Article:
New family of energy-efficient, off-line switcher ICs introduce primary-side regulation to power supplies up to 90-W

July 25, 2012 // By Paul Buckley
Power Integrations has introduced LinkSwitch-HP, a new family of energy-efficient, off-line switcher ICs that can deliver up to 90 W output power with accurate primary-side regulation (PSR).

LinkSwitch-HP ICs utilize innovative control algorithms and the properties of the main power transformer and output diode – instead of optocouplers and related feedback circuitry – to determine the amount of power to deliver from the primary to the isolated secondary side. The method reduces component count, saving space and cost while enhancing reliability. Popularized more than a decade ago with the advent of Power Integrations’ LinkSwitch line, PSR is now standard in many low-power applications such as mobile-phone chargers but until now has lacked the constant-voltage accuracy required in higher-power products. LinkSwitch-HP devices feature a unique multi-mode control architecture that radically advances the state of the art for PSR, making it a viable approach for power-supply applications from 9 W to 90 W.

The devices automatically select their control mode according to prevailing line and load conditions to optimize conversion efficiency and response to transient load demands, while minimizing output ripple and audible noise. Continuous-conduction-mode (CCM) operation results in reduced RMS currents, leading to higher efficiency and less heat dissipation, while 132 kHz, full-load operating frequency enables the use of smaller magnetics and LC post-filter components. LinkSwitch-HP ICs are capable of no-load power consumption of less than 30 mW at 230 VAC and are more than 50 percent efficient at 0.1 W input power, easily meeting all global energy efficiency regulations such as ErP (EuP), ENERGY STAR EPS V2.0 and EC Ecodesign Directive Tier 2 for external power supplies.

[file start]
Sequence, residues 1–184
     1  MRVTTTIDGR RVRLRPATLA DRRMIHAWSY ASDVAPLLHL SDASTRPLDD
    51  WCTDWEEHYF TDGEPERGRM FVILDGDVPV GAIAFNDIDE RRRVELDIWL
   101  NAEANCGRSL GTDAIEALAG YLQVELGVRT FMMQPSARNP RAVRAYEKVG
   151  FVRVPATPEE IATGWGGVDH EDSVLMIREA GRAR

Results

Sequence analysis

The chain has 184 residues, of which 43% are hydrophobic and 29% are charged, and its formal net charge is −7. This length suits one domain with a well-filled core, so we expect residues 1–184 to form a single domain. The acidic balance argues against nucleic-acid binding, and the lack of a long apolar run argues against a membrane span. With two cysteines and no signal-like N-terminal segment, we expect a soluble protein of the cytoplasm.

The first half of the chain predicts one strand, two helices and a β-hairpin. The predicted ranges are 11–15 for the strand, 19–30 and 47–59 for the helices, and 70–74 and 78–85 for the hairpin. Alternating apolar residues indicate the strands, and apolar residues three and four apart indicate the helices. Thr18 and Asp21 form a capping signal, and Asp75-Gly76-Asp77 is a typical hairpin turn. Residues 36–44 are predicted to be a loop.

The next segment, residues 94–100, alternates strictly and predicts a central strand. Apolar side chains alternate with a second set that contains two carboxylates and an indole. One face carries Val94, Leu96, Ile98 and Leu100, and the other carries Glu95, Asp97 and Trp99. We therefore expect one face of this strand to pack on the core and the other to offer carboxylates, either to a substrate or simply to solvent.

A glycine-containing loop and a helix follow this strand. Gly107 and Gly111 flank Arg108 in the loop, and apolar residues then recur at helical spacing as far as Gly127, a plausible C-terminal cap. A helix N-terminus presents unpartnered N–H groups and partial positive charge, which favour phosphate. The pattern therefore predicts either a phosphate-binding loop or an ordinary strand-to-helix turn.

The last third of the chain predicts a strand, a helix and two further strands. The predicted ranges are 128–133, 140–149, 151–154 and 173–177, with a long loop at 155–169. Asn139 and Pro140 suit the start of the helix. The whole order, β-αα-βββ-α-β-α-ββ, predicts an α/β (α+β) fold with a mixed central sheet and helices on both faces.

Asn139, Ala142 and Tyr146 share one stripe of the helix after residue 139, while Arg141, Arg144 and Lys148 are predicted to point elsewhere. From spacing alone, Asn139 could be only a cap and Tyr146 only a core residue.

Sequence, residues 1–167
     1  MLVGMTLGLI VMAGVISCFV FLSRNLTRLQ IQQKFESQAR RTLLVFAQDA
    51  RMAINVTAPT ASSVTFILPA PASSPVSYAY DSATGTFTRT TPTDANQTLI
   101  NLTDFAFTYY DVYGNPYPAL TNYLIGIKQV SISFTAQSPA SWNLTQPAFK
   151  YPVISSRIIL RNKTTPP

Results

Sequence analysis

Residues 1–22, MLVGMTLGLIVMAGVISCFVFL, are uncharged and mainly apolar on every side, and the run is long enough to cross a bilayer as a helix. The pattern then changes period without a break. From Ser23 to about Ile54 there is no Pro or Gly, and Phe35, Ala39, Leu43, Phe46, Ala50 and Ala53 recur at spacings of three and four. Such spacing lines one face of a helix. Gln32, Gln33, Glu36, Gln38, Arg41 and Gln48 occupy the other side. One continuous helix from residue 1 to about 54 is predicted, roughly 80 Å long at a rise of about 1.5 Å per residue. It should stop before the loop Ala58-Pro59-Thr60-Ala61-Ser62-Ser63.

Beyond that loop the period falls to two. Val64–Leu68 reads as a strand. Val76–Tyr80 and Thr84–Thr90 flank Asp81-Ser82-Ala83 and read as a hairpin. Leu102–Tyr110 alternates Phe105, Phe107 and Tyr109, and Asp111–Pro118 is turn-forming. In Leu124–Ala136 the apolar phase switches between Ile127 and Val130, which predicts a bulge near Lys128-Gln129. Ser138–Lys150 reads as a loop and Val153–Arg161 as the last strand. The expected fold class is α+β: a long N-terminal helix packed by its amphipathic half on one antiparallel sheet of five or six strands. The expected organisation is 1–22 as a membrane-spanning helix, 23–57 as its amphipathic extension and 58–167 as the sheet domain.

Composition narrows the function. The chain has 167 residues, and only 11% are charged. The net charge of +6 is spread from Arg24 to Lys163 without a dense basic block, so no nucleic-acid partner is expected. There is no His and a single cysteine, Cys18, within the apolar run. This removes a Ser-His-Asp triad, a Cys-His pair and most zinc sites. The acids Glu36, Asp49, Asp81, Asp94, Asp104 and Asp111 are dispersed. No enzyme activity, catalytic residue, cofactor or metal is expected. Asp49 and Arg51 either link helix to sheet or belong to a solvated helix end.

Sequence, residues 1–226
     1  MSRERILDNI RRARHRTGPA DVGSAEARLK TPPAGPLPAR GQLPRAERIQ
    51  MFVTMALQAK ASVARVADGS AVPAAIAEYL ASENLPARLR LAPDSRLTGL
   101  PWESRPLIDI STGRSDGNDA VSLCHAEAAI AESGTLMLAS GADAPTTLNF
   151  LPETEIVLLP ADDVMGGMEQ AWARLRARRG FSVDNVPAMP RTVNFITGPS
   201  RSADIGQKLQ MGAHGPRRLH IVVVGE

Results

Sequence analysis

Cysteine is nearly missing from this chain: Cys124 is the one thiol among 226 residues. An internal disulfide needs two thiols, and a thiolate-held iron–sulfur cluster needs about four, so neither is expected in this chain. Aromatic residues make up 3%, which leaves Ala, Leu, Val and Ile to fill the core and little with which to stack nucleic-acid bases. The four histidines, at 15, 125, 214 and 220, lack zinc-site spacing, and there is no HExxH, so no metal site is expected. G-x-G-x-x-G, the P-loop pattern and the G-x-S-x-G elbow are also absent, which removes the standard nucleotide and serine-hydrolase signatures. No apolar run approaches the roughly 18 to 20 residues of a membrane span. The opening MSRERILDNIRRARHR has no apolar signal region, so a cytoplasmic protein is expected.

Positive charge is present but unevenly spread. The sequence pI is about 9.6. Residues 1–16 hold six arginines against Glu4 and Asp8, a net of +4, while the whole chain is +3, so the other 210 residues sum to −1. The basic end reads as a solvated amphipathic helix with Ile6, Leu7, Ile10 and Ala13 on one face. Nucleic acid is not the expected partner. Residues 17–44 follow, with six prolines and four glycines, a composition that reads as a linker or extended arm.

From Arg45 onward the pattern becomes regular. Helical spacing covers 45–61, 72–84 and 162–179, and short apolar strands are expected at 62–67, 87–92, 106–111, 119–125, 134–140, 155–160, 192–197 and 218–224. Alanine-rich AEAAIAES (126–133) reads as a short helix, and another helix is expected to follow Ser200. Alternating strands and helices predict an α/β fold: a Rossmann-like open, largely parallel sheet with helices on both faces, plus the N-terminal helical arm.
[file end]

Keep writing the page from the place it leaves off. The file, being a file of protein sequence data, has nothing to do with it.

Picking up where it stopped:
LinkSwitch-HP devices also reduce the cost and complexity of meeting Chinese safety standard GB 4943.1-2011, which mandates the use of warning labels on power supplies that do not meet strict creepage and clearance rules. Similar to UL 60950-2007 and set to become mandatory on December 1st, 2012, the new rule requires designers to increase the primary-to-secondary clearance by a factor of 1.48 for power supplies used in equipment above 2000 m, or else add a warning label to the product.